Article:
January 3, 2006

And is a creative word.
The great AND.

This I was able to write last night before collapsing back into my hard-won sleep. It was after midnight before drowse overtook an abnormal state of agitation (source unknown) and I fell asleep, only to waken from a dream with these words on my mind. A heavy slump of snow falling from the roof was enough to propel me to pen and notebook long enough to write them, and though I knew at the time I would regret not elaborating, I also knew they would be enough.

And is a word of inclusion, whereas its cousin, or, is a word of exclusion. And is a word of compromise; or is a word of ultimatum. A string of ands in a sentence will have your mind gathering ideas like a bouquet of flowers, while a string of ors sets your mind to shopping—picking up one item then putting it down for the next.

I don’t want to carry this too far—dichotomies have their usefulness in context. For instance, if you ask me whether I prefer chocolate or vanilla ice cream, I am likely to choose either one depending on my mood, but on those occasions when I can’t make up my mind and choose a “twist” of both I am usually disappointed that I cannot have the pure flavor of either. This, however, is the result of the kind of and referred to by the saying, “she wants to have her cake and eat it too.” Its source is greed/poverty consciousness.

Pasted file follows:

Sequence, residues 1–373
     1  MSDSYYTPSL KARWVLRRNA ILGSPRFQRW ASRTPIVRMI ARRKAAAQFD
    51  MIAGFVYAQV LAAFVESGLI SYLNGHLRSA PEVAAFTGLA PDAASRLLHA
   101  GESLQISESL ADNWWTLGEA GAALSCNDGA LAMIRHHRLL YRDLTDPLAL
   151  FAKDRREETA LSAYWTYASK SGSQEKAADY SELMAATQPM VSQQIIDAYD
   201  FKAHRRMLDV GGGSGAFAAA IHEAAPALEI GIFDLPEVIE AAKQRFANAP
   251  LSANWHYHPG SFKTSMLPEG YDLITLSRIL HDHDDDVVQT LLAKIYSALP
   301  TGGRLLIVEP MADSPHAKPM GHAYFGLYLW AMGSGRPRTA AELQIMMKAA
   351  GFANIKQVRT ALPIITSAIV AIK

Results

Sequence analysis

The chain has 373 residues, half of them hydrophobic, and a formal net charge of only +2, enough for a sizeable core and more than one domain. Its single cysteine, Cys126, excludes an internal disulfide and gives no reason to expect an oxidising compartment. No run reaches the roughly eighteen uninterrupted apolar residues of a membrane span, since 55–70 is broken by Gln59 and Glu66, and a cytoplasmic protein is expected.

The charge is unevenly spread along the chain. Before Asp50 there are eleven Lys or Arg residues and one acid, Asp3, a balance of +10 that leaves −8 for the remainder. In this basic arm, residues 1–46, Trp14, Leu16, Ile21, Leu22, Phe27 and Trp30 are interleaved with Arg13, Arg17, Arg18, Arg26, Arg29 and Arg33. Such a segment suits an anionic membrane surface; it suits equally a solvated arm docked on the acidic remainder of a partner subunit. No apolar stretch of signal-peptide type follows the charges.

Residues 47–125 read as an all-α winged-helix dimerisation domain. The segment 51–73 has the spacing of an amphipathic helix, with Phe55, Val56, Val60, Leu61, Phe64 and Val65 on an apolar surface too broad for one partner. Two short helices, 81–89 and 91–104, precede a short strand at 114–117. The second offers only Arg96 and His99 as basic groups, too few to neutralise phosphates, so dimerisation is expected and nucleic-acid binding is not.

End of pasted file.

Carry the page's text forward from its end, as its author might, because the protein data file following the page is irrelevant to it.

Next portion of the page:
The creative and has a different source. It allows and promotes diversity, which every biologist will tell you is a good thing. Think: “Heterosexual and homosexual and bisexual and transsexual are all okay.” “Your god is valid and my god is valid and no god is valid.” “Nuclear families and families of choice can both be healthy forms of lasting human relationship.”

It takes a certain amount of stretching to allow for other ways of being in the world, no doubt. Balance must be found, also, when it comes to a way of being or doing in the world that steps on or obliterates other ways of being or doing in the world. How far do we take tolerance? Are there times when intolerance is the answer? In response, say, to intolerance?

Assumptions

Assumptions

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